The symptoms may not improve when the tour of duty is over. 21 percent of troops reported difficulty sleeping after returning home to the United States. Troops may have twice the risk of insomnia if they had poor health or mental health problems such as depression or posttraumatic stress disorder prior to deployment.
The study involved 41,225 troops from all service branches and components of the U.S. military, including active duty and Reserve/National Guide personnel. The participants completed a baseline survey with questions about sleep and overall health prior to deployment. About a quarter of the troops responded to a follow-up survey three years later, either in Iraq or Afghanistan, or after returning from either warzone.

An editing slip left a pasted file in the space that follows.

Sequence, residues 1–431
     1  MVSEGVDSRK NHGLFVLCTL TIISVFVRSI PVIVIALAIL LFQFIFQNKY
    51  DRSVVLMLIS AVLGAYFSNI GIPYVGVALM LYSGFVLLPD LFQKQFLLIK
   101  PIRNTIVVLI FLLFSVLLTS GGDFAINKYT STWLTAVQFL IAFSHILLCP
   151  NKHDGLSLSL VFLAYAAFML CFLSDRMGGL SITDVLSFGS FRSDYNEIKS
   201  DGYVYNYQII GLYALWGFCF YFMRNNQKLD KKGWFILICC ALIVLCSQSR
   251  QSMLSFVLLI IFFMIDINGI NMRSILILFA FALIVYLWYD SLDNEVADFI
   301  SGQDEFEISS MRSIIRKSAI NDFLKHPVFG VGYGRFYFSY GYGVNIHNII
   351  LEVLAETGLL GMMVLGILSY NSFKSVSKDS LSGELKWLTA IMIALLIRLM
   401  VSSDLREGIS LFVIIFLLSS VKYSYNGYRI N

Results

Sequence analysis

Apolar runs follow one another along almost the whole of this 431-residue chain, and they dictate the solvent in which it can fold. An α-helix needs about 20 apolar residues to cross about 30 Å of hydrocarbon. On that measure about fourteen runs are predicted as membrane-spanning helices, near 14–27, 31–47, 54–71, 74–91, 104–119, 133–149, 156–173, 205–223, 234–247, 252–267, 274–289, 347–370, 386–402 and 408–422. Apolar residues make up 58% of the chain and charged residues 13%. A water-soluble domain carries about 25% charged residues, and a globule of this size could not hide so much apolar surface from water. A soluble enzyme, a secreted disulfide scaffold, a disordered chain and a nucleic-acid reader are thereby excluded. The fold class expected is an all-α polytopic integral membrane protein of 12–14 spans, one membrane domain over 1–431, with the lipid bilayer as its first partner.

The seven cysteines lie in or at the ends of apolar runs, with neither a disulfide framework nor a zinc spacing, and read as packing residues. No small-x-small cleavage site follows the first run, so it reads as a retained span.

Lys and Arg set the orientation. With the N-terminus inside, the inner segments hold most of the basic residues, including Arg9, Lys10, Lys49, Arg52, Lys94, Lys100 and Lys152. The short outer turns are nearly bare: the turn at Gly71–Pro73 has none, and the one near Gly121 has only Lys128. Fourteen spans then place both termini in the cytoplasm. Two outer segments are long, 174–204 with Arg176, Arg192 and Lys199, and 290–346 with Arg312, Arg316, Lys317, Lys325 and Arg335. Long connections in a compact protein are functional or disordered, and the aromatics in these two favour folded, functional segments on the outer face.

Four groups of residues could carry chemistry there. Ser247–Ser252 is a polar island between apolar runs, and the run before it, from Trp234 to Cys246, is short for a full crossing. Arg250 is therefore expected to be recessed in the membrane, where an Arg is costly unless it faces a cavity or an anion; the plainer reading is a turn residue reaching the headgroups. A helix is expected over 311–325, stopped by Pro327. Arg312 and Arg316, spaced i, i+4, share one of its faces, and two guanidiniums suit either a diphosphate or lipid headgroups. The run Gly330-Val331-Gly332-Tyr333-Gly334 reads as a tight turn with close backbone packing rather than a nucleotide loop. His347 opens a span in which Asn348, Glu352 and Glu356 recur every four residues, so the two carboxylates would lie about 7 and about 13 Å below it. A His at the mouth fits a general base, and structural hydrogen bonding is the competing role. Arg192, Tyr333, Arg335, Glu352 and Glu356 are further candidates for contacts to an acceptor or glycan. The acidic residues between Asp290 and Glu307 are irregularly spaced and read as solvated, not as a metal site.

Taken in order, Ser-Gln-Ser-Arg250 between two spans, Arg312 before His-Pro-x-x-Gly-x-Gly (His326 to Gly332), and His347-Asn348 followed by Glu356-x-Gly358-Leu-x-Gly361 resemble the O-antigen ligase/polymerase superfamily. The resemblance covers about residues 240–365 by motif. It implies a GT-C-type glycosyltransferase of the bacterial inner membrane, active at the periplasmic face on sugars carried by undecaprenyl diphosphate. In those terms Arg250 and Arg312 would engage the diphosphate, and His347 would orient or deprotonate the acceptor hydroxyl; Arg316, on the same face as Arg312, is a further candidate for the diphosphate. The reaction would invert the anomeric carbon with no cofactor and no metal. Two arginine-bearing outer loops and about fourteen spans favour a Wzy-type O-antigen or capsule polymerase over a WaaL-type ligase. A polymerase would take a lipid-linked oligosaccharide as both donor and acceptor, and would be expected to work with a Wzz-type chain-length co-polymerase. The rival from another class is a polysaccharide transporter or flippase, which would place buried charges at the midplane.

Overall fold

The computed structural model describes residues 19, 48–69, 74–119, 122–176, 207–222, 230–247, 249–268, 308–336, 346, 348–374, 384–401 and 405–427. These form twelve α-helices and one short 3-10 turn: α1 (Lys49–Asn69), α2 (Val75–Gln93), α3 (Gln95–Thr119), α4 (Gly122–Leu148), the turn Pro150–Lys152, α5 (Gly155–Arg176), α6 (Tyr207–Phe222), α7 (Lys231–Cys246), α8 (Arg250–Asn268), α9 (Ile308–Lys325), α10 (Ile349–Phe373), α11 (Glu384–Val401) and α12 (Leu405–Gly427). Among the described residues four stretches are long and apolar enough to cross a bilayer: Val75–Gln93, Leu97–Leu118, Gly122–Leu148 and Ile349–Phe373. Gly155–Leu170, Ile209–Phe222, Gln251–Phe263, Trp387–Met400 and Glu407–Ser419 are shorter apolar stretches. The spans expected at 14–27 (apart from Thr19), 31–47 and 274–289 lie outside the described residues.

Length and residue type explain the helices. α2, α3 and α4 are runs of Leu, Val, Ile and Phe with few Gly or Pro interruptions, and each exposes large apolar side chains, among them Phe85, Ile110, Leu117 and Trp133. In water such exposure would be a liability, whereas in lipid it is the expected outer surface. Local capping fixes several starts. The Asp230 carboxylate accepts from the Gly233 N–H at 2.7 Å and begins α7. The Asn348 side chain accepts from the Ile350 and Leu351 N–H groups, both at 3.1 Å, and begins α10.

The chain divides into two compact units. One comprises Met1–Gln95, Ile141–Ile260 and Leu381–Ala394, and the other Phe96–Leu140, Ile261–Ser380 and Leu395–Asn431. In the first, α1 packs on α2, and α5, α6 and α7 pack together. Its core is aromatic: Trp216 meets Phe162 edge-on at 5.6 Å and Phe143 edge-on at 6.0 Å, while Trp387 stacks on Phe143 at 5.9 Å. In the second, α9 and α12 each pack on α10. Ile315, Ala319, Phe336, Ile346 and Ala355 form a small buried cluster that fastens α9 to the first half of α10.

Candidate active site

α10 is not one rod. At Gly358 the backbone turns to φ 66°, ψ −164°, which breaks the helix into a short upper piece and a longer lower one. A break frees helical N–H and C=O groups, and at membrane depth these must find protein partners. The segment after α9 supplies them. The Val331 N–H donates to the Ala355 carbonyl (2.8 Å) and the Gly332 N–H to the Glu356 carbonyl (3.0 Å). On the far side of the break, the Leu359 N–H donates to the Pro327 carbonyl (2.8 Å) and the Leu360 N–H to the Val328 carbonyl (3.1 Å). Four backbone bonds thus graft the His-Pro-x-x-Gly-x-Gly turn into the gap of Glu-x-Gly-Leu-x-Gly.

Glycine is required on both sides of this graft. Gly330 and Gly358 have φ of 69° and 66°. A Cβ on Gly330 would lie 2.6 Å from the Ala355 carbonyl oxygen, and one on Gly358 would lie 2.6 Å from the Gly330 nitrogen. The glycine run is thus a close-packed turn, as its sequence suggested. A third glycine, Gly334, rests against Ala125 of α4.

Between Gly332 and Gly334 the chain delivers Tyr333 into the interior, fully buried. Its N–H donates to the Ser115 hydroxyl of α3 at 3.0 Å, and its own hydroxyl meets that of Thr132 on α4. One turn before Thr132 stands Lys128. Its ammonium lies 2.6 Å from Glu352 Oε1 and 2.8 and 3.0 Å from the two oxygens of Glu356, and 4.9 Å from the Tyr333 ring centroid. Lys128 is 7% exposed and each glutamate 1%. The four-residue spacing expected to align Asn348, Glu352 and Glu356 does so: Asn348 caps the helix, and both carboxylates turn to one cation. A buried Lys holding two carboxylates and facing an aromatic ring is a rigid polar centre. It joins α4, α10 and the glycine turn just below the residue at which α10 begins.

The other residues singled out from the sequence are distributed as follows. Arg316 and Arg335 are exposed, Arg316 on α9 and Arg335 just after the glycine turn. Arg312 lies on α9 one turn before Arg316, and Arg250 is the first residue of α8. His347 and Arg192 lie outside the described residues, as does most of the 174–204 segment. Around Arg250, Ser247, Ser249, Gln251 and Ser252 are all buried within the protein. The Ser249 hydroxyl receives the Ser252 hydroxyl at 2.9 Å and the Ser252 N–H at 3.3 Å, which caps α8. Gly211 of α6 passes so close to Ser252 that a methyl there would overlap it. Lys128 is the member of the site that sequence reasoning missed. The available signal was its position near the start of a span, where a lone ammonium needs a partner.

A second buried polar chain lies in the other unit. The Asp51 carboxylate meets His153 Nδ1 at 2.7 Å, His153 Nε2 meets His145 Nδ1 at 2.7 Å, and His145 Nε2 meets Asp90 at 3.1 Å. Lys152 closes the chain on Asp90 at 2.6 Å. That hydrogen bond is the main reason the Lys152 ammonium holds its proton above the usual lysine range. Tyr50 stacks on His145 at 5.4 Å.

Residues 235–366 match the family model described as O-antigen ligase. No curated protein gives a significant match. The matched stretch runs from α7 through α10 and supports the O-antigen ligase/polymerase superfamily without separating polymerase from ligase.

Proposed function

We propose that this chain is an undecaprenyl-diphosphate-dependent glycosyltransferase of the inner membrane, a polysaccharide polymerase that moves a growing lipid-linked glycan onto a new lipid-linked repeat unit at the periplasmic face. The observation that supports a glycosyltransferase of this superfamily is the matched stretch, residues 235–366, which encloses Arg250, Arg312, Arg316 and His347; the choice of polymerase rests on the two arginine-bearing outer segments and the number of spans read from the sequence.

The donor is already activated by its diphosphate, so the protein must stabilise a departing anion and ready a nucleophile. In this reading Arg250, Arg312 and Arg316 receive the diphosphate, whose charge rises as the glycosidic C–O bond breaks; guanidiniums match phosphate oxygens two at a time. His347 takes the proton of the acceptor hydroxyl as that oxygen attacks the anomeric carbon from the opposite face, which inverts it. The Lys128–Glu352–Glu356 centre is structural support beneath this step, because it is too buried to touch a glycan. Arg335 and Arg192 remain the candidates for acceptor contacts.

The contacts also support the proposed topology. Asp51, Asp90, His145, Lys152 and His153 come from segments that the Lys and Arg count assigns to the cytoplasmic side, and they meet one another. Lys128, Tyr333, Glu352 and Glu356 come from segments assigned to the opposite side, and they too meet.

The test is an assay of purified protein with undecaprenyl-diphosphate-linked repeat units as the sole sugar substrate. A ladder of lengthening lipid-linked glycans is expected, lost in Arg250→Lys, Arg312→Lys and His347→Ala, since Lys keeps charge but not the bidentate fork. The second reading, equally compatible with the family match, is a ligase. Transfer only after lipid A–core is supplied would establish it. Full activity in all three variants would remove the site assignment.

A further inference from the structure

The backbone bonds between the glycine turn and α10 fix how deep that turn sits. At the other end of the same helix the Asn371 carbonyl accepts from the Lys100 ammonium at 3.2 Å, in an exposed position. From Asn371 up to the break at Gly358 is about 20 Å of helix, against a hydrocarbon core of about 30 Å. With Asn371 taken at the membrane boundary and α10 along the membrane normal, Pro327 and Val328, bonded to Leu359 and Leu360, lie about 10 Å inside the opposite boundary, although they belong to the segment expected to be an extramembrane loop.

Sleep duration was limited even for the troops who did not have insomnia. The average sleep time during wartime was 6.5 hours - slightly less than the recommended amount of sleep for adults. The AASM reports adults require 7 to 8 hours to be fully alert during the daytime.
Insomnia or not, lost sleep may have dire consequences. While military personnel are trained to function on little to no sleep, a single mistake may be fatal.
For us in the civilian world, the findings should come as no surprise. It’s hard to image trying to sleep to the sound of gunfire and explosions or even the prospect of an attack.
As a side note, the study also looked at mothers of young children and pregnant women who served in the military. On average, the women slept less than six hours. The authors speculate that the possibility of future deployment and separation from their families may multiply the normal stress of pregnancy and motherhood.
Photo courtesy United States Marine Corps